#Thelxinoe ~ Classics News for April 9, 2021

Hodie est a.d. V Id. Apr. 2774 AUC ~ 27 Elaphebolion in the fourth year of the 699th Olympiad

In the News

Classicists and Classics in the News

Fresh Bloggery

Blog-like Publications

Assorted Twitter Threads

Fresh Podcasts

Penthesilea was one of the most badass Amazons… Until she encountered Achilles. This story is not kind to he of the weak ankle. CW/TW: far too many Greek myths involve assault. Given it’s fiction, and typically involves gods and/or monsters, I’m not as deferential as I would be were I referencing the real thing.

Come, divine lyre, speak to me and sing! Translated by Rayor. Thank you for listening! You can follow us on Twitter & Instagram @sweetbitterpod. You can support us on patreon.com/sweetbitter. Our guests this episode were Jane Montgomery Griffiths, Jade Esteban Estrada, Aimee Suzara, Maya Herbsman and Vanessa Stovall. You can learn more about our guests and where to find them on our website.

It is one of the truly great civilisations in world history and yet the story of Persia has faded from view in the west. Tom Holland and Dominic Sandbrook are joined by Professor Ali Ansari to discuss Persia’s extraordinary influence on the modern world.

Murray tackles this question from Juan; It seems that Phillip/Alexander’s army was almost invincible but afterwards “Macedonian” style armies seem to be a lot more hit and miss (vs. Romans, Indians, Parthians, Celts etc.). Was this because Philip/Alexander’s troops were uniquely competent/trained or were the commanders after Alexander just not as good? I’m mostly thinking about the pike phalanx but if there’s any information on the light infantry or cavalry troops I’d love to learn!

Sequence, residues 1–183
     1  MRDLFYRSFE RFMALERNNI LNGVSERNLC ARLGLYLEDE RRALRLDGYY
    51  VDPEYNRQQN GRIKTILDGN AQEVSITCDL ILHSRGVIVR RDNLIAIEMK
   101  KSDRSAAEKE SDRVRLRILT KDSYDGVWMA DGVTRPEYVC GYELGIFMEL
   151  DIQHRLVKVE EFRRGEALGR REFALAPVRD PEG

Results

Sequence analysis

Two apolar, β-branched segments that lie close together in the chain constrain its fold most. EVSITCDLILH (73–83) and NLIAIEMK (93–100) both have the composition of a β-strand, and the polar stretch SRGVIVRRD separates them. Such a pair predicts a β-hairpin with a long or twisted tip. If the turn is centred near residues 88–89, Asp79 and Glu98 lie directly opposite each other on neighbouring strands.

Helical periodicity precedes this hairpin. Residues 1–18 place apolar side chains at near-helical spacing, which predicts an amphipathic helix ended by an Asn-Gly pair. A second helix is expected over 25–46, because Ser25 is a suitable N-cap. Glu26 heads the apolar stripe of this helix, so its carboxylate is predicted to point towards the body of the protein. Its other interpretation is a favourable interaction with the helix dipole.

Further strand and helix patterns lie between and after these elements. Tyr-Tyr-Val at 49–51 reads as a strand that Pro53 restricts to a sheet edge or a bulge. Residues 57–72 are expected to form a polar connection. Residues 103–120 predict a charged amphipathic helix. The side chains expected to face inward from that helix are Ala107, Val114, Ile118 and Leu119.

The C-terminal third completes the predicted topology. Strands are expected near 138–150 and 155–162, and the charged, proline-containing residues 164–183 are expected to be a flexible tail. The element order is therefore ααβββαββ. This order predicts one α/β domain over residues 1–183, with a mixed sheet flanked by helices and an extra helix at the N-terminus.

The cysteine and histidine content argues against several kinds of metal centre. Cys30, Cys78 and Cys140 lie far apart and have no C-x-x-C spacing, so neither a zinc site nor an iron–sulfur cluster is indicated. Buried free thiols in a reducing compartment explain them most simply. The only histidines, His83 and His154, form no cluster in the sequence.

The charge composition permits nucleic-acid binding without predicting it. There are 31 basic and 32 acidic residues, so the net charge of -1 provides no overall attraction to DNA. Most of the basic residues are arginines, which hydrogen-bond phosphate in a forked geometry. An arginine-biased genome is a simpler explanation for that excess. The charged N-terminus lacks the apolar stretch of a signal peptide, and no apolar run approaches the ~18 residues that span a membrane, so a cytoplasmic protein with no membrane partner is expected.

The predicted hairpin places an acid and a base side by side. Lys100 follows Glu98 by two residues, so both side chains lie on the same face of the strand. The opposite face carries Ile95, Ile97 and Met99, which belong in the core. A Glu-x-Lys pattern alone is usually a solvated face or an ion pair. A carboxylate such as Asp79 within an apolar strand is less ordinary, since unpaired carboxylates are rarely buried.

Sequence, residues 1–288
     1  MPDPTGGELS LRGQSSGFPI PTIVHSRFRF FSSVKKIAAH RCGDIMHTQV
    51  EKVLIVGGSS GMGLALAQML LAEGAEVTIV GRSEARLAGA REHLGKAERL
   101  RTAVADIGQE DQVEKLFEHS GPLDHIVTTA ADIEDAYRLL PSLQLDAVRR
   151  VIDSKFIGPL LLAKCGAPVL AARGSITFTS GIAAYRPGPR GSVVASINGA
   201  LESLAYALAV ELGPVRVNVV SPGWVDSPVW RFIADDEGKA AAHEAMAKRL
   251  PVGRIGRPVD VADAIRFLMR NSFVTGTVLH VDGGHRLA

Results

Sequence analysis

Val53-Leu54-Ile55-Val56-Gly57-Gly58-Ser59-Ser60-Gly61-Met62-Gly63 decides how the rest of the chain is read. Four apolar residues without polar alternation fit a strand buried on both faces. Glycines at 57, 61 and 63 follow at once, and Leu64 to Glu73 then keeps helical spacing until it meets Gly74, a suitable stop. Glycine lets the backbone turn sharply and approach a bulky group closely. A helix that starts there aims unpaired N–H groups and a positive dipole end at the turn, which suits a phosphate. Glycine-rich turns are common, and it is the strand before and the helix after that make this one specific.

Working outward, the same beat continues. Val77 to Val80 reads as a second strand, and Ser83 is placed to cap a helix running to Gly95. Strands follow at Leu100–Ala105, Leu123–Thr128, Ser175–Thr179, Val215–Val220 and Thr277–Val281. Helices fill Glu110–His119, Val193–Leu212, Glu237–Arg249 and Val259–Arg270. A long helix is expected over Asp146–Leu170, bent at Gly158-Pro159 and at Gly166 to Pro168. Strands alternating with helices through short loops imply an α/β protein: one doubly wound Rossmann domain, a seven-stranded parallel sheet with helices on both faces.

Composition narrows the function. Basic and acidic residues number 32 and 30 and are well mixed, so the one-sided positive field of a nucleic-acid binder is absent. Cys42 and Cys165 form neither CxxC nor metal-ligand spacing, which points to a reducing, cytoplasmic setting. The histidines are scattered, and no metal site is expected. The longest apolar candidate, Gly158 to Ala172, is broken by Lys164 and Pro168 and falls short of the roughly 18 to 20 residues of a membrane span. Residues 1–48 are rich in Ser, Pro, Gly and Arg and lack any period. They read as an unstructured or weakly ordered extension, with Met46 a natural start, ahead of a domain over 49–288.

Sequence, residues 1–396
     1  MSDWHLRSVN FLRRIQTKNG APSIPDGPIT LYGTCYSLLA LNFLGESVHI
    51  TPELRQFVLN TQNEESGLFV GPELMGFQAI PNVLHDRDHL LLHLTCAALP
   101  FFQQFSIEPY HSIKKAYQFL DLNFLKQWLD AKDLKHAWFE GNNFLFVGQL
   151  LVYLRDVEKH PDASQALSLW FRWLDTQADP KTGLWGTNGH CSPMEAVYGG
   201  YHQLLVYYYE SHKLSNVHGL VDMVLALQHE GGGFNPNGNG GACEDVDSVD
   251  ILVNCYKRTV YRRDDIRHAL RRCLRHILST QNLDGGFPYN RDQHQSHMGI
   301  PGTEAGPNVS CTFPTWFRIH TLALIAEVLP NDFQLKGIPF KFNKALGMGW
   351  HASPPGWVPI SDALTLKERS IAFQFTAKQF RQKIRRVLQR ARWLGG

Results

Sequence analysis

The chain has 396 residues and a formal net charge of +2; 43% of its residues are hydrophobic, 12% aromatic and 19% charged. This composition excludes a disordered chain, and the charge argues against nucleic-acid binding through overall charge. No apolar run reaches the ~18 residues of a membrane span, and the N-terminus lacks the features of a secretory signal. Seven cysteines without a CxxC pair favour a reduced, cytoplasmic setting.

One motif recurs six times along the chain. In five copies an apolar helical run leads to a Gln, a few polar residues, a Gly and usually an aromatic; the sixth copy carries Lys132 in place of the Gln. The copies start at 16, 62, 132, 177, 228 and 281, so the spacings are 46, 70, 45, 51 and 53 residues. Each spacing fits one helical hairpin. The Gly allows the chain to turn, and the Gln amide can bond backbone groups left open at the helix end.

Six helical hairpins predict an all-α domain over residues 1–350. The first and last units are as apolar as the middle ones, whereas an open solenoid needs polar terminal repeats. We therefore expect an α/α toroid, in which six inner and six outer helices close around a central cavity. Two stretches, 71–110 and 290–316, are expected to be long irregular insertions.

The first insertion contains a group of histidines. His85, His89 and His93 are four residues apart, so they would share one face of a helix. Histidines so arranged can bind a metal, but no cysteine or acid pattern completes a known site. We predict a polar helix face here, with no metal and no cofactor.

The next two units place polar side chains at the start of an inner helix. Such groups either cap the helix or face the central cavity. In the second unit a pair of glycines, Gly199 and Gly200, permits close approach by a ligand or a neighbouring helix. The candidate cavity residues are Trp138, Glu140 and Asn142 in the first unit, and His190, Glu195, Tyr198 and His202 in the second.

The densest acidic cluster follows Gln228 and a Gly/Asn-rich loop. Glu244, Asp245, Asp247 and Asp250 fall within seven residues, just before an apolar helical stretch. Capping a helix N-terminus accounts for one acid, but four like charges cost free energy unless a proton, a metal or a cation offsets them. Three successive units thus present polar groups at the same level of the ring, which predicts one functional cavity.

Synopsis:  In the late 14th century BC, the Hittite Great King Suppiluliuma wrested Syria from the grip of the Hurrian kingdom of Mitanni.  Two of his sons would succeed him to the throne, while two others founded new dynasties in the cities of Aleppo and Carchemish.

Between the 3rd century BC and the 1st century AD, the Xiongnu inhabited the area surrounding Mongolia. They influenced the later Hun Empire, and had connections with Ancient China and Persia, but what do we know about them? Bryan Miller has been investigating the society, hierarchy and expansion of the Xiongnu, and in this episode from our sibling podcast The Ancients he shares his findings from the archaeology and historical documents with Tristan. 

Fresh Youtubery

Book Reviews

Dramatic Receptions

Online Talks and Professional Matters


‘Sorting’ Out Your Day:

Today on the Etruscan Brontoscopic Calendar:

If it thunders today, it portends victory for the kingdom and good cheer for those in power.

… adapted from the text and translation of:

Jean MacIntosh Turfa, The Etruscan Brontoscopic Calendar, in Nancy Thomson de Grummond and Erika Simon (eds.), The Religion of the Etruscans. University of Texas Press, 2006. (Kindle edition)

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